Why are the most beautiful things in life usually the most difficult to maintain? It takes real work to, for example, reach a breathtaking mountain vista, or find your dream job, or to sustain a healthy relationship. That last one is what Matthew Sullivan wrote about this month in his article titled How to Stop Breaking Up, as featured in the New York Times.
In the article, Sullivan eloquently illustrates how he met his then-future-love-interest, Libby. They first spoke to each other in a book shop they both worked at in Denver.
It wasn't long (a matter of weeks) before they started dating. Their passionate love for books sparked within them a passionate love for each other.
Sullivan writes that he and Libby worked side by side in that book shop for four years. But they weren't four years of a fairytale relationship. Like everyone, they had problems. They were problems that surely you yourself are familiar with. "Openness, idealism, growth," Sullivan writes.
Matthew and Libby's differences and weaknesses ultimately drove them apart. Not once, not twice, not three times; they broke up more than a dozen times. Over and over again. But each breakup ended with a make-up. The little book shop that had originally brought them together was what kept bringing them back together, and the couple pushed forward.
After four years working at that little shop in Colorado, the couple faced their next challenge: a change of employment. Libby moved to Boston and Matthew moved to Idaho. Seperated by 3,000 miles of solid American soil, their relationship held on... sort of.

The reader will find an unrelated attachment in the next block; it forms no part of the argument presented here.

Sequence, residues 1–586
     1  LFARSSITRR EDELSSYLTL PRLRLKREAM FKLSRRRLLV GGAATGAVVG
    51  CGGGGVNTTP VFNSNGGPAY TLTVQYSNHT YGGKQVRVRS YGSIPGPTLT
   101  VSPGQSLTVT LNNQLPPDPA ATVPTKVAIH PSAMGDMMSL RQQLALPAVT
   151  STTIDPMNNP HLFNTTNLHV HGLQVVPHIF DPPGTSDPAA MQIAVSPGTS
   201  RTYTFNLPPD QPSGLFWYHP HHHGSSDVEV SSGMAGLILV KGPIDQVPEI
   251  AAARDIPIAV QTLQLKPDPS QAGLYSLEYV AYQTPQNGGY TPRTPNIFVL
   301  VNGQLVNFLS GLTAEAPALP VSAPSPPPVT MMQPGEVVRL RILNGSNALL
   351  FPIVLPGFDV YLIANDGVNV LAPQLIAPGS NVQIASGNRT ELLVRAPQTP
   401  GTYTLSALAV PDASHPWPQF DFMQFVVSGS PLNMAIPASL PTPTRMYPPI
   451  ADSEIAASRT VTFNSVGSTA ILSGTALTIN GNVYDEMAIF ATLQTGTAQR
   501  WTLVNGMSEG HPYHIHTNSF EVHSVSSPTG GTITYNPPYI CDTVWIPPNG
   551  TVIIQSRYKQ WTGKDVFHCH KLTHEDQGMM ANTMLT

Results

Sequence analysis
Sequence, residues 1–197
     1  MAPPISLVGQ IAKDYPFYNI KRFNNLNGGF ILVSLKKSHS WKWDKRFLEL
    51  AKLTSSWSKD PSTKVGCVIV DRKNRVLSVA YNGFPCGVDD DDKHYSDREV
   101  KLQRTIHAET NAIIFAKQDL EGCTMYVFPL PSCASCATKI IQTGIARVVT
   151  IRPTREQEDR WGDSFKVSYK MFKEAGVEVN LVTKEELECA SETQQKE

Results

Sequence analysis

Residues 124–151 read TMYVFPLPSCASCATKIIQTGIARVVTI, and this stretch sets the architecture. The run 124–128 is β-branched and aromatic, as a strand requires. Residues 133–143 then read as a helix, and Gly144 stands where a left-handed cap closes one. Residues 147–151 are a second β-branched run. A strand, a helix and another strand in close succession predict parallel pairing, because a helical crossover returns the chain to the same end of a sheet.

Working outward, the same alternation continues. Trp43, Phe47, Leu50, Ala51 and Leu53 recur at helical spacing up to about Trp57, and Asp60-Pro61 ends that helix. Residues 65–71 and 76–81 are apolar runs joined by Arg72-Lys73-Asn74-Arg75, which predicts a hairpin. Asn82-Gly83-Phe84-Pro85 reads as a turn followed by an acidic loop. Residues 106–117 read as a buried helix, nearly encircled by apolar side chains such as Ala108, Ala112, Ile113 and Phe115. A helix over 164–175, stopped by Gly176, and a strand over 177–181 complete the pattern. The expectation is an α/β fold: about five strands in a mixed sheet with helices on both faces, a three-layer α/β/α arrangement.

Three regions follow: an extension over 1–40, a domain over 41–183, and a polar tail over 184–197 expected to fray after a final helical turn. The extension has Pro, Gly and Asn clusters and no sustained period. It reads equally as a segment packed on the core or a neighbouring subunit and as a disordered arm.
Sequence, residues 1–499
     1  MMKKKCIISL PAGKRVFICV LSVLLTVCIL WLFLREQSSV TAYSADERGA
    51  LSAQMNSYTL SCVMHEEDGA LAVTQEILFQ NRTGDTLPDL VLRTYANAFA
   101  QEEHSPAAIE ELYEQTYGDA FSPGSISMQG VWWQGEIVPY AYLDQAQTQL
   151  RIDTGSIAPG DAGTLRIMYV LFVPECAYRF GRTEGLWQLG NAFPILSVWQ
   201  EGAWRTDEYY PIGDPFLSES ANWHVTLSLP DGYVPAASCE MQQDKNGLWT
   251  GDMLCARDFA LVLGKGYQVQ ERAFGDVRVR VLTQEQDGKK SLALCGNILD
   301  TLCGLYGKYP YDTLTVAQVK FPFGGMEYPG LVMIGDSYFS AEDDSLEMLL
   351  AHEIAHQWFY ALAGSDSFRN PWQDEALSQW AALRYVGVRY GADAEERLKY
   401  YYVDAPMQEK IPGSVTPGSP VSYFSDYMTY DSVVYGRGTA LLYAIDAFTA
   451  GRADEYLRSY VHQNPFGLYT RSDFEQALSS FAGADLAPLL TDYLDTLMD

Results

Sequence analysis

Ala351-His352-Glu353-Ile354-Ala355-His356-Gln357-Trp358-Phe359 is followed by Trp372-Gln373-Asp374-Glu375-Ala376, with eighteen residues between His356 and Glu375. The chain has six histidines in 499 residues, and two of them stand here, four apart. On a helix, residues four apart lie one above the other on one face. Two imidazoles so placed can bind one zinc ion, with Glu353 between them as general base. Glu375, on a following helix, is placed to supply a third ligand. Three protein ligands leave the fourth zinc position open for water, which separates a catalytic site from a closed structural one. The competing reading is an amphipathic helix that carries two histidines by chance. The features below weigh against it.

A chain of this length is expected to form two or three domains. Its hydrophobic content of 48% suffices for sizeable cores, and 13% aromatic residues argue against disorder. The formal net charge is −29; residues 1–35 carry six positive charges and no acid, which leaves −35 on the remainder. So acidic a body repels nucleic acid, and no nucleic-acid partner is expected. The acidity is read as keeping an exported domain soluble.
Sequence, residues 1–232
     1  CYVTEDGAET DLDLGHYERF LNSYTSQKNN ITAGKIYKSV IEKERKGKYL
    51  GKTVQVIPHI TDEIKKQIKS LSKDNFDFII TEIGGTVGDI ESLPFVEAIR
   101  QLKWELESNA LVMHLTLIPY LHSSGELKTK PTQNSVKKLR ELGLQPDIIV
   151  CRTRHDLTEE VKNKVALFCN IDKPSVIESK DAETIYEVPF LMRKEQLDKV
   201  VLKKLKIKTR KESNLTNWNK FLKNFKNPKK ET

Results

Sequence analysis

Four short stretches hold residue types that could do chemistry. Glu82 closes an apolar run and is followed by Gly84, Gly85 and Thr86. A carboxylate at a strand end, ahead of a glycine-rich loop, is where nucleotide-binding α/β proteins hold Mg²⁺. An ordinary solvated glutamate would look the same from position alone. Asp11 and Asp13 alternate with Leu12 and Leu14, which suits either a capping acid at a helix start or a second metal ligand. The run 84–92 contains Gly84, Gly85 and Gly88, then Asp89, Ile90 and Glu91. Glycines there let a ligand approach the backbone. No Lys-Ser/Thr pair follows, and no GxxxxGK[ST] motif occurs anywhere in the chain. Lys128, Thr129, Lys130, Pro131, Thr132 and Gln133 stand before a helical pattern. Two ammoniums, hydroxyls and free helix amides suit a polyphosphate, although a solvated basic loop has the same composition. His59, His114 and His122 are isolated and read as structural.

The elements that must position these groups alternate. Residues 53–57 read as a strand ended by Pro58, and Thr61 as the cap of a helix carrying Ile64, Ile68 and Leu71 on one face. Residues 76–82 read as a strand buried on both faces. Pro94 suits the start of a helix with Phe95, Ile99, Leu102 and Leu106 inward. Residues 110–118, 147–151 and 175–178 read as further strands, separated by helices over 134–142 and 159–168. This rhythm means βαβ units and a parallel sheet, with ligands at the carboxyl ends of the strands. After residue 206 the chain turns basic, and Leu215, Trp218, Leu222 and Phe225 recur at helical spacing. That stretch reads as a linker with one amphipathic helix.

"We broke up at an artist's colony in Maine where Libby spent summers working as a librarian," Sullivan writes.
"We broke up on the steps of a church in Poland, where I was on a teaching fellowship.
"We broke up in a fleabag motel in Seattle and at her sister's home in Denver."
Well, it's a commitment. It's a public declaration of fidelity to one and only one man or woman. But it's not just a natural result of marriage, hence why about 45-percent of marriages end in divorce.
The marriage commitment is a choice. It's not a one-and-done deal, but rather a continuous decision a married couple makes every day. It's a choice that Matthew and Libby have apparently been making for the last 16 years.
Marriage was not the final solution to their habit of breaking up, but rather it was the outward expression of a newfound inner commitment to each other. That's what stopped Matthew and Libby's phenomenal breakup streak.
If your relationship is suffering from the same problem that Sullivan writes about, consider following in his footsteps. If you're not married and feel that marriage would reinforce your decision to commit (and let's be honest, it would), get married! If you're already married and are still at each other's throats, renew your effort to live this adage every day from now on: "Choose your love, love your choice."